March 20, 2020—Asset allocation is about balancing risk and reward. A disciplined investment approach encourages investors to trim asset classes that have outperformed the rest of the portfolio over some period and increase the allocation to asset classes that suffer temporary underperformance, a strategy known as portfolio rebalancing. This process serves two important purposes for investors. First, it can increase potential future returns by “buying low” (i.e., buying assets that are out of favor) and reducing future volatility by “selling high” (i.e., trimming what is expensive). Second, it keeps an investor “in the right lane” and on the correct risk profile for their long-term investment plan.

Rebalancing can be a particularly important action to take in the wake of significant market volatility like  we have experienced over the past month. On February 19, 2020, U.S. large-cap equities reached all-time highs but have since experienced one of the most rapid declines in history. In just one month the Russell 1000 Index (a composite of the largest 1,000 publicly listed companies in the U.S.) declined 30%. On the other hand, corporate and municipal bond investors have had a very different experience. During that period the Bloomberg Barclays Municipal Bond Index was down just 4.5%.

Figure 1: Performance of Equities and Municipal Bonds February-March 2020 (%)


Source: Bloomberg, Barclays, WTIA. Data as of March 18, 2020.

If a portfolio is left untouched, this type of sharp divergence in relative performance of stocks versus bonds will result in portfolios drifting significantly from the desired asset allocation.  For example, consider a $100,000 “balanced” portfolio starting with a classic 60% equities (Russell 1000 Index) and 40% municipal bond (Bloomberg/Barclays Municipal Bond Index) allocation on February 19. Just one month later, assuming no changes were made to the allocation, that same portfolio would now be holding $41,813 in equities and $38,198 in fixed income. The portfolio’s allocation would now be just 52% stocks and 48% bonds, a clear departure from the desired 60%/40% stock/bond asset allocation mix. In order to restore the portfolio to the proper long-term allocation, the investor would need to sell 8% of their bond holdings to buy 8% more equities.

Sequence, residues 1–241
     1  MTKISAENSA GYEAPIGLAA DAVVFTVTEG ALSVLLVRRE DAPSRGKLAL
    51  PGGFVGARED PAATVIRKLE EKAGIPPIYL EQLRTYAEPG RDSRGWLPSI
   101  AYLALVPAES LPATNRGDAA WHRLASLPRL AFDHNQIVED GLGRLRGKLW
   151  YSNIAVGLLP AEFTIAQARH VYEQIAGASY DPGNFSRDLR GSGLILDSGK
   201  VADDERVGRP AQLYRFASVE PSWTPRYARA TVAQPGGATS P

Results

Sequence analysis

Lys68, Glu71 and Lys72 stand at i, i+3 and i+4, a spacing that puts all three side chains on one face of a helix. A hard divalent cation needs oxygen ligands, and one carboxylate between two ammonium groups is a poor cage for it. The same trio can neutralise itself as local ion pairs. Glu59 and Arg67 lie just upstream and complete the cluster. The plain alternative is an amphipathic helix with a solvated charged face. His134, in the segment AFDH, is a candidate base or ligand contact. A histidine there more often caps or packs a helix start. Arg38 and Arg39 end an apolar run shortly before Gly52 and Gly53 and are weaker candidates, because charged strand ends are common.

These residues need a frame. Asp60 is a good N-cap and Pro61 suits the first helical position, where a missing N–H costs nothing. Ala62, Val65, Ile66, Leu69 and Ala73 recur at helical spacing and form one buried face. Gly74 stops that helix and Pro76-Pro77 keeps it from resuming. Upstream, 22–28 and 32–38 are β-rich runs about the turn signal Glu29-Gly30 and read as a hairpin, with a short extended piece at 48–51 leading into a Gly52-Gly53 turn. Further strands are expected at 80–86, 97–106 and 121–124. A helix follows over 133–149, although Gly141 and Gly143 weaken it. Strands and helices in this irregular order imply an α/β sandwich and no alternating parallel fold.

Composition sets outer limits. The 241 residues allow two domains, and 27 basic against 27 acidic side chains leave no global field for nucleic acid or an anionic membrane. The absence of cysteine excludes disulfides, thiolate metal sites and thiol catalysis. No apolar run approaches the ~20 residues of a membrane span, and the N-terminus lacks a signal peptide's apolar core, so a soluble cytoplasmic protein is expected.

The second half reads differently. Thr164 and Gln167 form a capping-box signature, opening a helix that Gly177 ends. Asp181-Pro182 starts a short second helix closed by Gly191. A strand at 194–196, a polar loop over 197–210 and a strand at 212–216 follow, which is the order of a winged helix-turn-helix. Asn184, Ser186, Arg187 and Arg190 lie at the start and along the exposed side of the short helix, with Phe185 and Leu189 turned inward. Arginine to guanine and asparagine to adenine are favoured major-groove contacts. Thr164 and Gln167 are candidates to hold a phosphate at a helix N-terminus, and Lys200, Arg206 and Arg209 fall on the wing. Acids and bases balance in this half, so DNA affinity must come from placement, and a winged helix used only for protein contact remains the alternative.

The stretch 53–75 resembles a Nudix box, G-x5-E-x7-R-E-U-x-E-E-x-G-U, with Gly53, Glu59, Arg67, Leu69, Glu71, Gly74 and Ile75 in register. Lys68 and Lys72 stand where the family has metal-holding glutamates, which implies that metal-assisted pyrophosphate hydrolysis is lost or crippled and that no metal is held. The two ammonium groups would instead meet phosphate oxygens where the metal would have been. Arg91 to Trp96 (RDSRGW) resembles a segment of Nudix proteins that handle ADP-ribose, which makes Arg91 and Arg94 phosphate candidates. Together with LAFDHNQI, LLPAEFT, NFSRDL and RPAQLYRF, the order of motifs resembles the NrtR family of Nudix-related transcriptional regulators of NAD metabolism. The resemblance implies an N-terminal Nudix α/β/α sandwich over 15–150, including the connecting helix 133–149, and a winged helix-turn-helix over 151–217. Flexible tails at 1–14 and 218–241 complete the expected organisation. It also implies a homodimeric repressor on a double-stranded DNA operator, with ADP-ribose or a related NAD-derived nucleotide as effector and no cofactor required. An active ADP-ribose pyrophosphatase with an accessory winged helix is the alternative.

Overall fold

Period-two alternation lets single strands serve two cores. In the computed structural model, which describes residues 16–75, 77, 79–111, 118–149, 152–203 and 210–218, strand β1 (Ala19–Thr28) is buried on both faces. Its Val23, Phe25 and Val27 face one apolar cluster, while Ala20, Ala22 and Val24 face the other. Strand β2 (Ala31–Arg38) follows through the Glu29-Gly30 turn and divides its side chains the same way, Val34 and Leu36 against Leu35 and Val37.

The magnitude of this rebalancing transaction is quite significant and can be a meaningful driver of long-term portfolio returns – in many cases larger than the incremental return obtained from more modest tactical asset allocation changes. 

The value of rebalancing a portfolio to the desired allocation subsequent to substantial market moves is twofold. For one, it can keep an investor “honest” with their risk profile and on track with their long-term investment plan. In the example above, a failure to rebalance would find an investor with a more conservative portfolio than desired. Second, rebalancing enforces investor discipline. In other words, rebalancing can force the investor to take advantage of dislocated markets that historically have reverted to their longer-term averages. Buying additional equities when prices decline sharply or selling equities after a substantial price rise to get a portfolio back on target can both increase wealth and reduce the subsequent volatility of a portfolio.

The ideal frequency of rebalancing must be considered in the context of the individual investor’s cash flows, market volatility, tax consequences, and transaction costs. In a period of normal volatility, rebalancing a portfolio 1-2 times a year can often strikes the proper balance, but rebalancing with greater frequency may be necessary during sharp up or down moves in stock or bond markets. It is best to consult your advisor to discuss what is appropriate for your specific situation.

Core Narrative

The goal of a long-term asset allocation is to maintain an asset class distribution that fits the investor’s desired risk-reward tradeoff, achieves optimal risk-adjusted returns, and help achieve the investor’s wealth goals. As asset classes experience different returns, particularly during volatile periods like the current environment, the portfolio allocation can drift away from the desired targets. Portfolio rebalancing after such episodes can be a powerful tool and important to strategy for disciplined investors.


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